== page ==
Shares in Crown Resorts were smashed on Monday following news 18 employees had been detained in China amid a crackdown on gambling advertising, with investors nervous about the extent of the signal about gambling Chinese authorities are sending.
Three Australians are among the staff detained on Friday, including the head of Crown's VIP International Team, Jason O'Connor. Chinese authorities have said the group are being detained for alleged gambling crimes, but have so far declined to elaborate on the charges.
Crown shares fell more than 12 percent shortly after local markets opened, and were down 10 percent on Monday as news of the group's arrest spread.
Crown is part owned by billionaire James Packer, and it has substantial interests in the Chinese gambling hub of Macau, a former Portuguese colony and the only place in China where casino gambling is legal.
Bloomberg reports Casino shares fell in Hong Kong after news of the detention broke.
Details remain scarce
Crown is yet to speak to its staff has been detained, but said in a statement it was believed to be the case.
"To date, Crown has not been able to speak with our employees and is working closely with DFAT to urgently make contact and ascertain their welfare," Crown said in a statement.
"Crown is staying in close contact with and is providing support to the families of our employees in China and Australia."
The Department of Foreign Affairs said on Monday it was aware of reports the staff's detention, but that under the terms of a bilateral consular treaty Chinese authorities had three days to notify of the detention of Australians.
"Consular officials will seek to offer appropriate consular assistance to the detained Australians in accordance with the Consular services charter," DFAT said in a statement.
China's Ministry of Public Security announced a crackdown on attempts by foreign casinos to lure its citizens abroad in February 2015 -- an anti-corruption drive that has recently targeted money laundering at Macau casinos.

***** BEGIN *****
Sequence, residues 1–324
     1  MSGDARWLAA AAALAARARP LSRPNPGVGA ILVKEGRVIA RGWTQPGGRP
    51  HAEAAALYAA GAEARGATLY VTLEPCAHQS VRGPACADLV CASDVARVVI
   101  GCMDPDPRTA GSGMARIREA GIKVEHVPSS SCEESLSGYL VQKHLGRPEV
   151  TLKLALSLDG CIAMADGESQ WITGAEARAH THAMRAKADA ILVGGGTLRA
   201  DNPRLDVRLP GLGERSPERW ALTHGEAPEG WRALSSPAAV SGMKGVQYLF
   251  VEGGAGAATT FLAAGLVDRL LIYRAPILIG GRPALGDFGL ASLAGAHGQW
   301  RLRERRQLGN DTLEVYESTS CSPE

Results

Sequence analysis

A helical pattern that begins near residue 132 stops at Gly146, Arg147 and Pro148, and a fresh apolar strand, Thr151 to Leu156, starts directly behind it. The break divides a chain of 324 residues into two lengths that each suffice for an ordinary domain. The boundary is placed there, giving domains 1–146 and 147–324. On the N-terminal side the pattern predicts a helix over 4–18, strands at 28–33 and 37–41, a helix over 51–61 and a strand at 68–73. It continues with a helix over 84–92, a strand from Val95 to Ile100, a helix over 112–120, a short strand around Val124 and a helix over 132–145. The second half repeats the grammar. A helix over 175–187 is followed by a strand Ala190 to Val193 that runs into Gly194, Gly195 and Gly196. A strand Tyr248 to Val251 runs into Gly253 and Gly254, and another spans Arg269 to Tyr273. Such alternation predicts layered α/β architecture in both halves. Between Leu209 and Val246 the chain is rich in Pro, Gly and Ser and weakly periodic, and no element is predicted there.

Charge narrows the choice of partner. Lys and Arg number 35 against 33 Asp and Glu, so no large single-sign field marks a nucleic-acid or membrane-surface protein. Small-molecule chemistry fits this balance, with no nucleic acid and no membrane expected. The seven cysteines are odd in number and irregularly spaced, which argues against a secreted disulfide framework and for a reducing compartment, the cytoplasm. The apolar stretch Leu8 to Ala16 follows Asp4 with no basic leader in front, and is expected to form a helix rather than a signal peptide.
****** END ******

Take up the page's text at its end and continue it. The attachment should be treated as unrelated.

It is understood the Crown staff were arrested in multiple cities in mainland China, and it comes just days ahead of Crown Resort's Annual General Meeting on Thursday.
The husband of a Shanghai-based Crown employee told Fairfax media his wife, Jiang Ling, answered a midnight knock on the door to find five plain-clothed police officers.
"I kept saying ... 'Why are you here?'. They kept repeating 'Oh, your wife knows' and she didn't obviously... they finally said 'gambling'," Ms Jiang's husband Jeff Sikkema told Fairfax Media.
"The main thing that I understood ... they wanted to know was who her boss was and some of her other colleagues, just looking for names."
Part of a wider crackdown
The long-term effects, if any, of the arrests are yet to unfold, but they follow similar incidents involving South Korean Casino staff last year.
"If they have identified Australia as a major country where gambling money is flowing and (China) wants to stop that, then they would presumably want to send a signal," said Hans Hendrischke, Professor of Chinese Business and Management at Sydney University's Business School.
Hendrischke told The Huffington Post Australia the fallout from this incident remained uncertain.
"The seriousness of that signalling, that's information we simply don't have at this stage," he said.
"It's too early to tell."
Market analysts CLSA said the arrests could signal a crackdown on gambling marketing, but it noted Crown had always differentiated its marketing activities from other operators.
"So it could signal a broader crackdown on foreign casinos marketing in China," the CLSA analyses said.
"It's not yet clear why this has happened."
What effect the detention of the Australians will have on Packer's project is not yet known, but it could take a hit given its earnings are expected to rely heavily on VIP punters and not slot machines.
More than a third of revenue generated by Crown's Australian resorts over the past financial year was from international visitors, mostly from mainland China, the company's 2016 annual report says.
The Sydney Morning Herald reports the raids are expected to heighten the concerns of Chinese gamblers looking to come out to Australia.
In June last year Korea Casino operators saw their shares dip after China arrested 14 South Koreans for allegedly marketing to Chinese gamblers in Macau.
Crown announced in June it was planning to separate its Australian assets from its Macau casinos which had been hit hard by the gambling crackdown.
In 2009 China arrested Stern Hu, a senior executive for mining giant Rio Tinto, on charges of taking and receiving commissions as part of China's anti-corruption crackdown.
Hu pleaded guilty to stealing commercial secrets and was sentenced to ten years in prison.